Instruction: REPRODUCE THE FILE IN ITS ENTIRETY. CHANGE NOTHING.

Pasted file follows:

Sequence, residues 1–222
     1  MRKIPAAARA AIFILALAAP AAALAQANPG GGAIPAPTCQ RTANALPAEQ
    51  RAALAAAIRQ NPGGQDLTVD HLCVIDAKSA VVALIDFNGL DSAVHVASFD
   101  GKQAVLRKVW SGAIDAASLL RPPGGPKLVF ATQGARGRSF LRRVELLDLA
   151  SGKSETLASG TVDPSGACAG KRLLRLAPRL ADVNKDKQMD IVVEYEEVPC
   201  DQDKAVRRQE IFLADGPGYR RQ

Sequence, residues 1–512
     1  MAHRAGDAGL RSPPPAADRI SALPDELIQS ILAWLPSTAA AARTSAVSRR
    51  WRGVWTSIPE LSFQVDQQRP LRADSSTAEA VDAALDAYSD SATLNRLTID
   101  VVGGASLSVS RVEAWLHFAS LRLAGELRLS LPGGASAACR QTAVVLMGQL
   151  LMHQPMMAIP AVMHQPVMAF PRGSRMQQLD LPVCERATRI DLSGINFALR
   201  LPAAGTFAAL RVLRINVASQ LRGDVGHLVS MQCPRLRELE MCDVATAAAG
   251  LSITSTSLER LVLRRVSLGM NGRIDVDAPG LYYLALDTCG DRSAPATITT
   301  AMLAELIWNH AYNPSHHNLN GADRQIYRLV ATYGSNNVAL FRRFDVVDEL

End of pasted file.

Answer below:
Sequence, residues 1–222
     1  MRKIPAAARA AIFILALAAP AAALAQANPG GGAIPAPTCQ RTANALPAEQ
    51  RAALAAAIRQ NPGGQDLTVD HLCVIDAKSA VVALIDFNGL DSAVHVASFD
   101  GKQAVLRKVW SGAIDAASLL RPPGGPKLVF ATQGARGRSF LRRVELLDLA
   151  SGKSETLASG TVDPSGACAG KRLLRLAPRL ADVNKDKQMD IVVEYEEVPC
   201  DQDKAVRRQE IFLADGPGYR RQ

Sequence, residues 1–512
     1  MAHRAGDAGL RSPPPAADRI SALPDELIQS ILAWLPSTAA AARTSAVSRR
    51  WRGVWTSIPE LSFQVDQQRP LRADSSTAEA VDAALDAYSD SATLNRLTID
   101  VVGGASLSVS RVEAWLHFAS LRLAGELRLS LPGGASAACR QTAVVLMGQL
   151  LMHQPMMAIP AVMHQPVMAF PRGSRMQQLD LPVCERATRI DLSGINFALR
   201  LPAAGTFAAL RVLRINVASQ LRGDVGHLVS MQCPRLRELE MCDVATAAAG
   251  LSITSTSLER LVLRRVSLGM NGRIDVDAPG LYYLALDTCG DRSAPATITT
   301  AMLAELIWNH AYNPSHHNLN GADRQIYRLV ATYGSNNVAL FRRFDVVDEL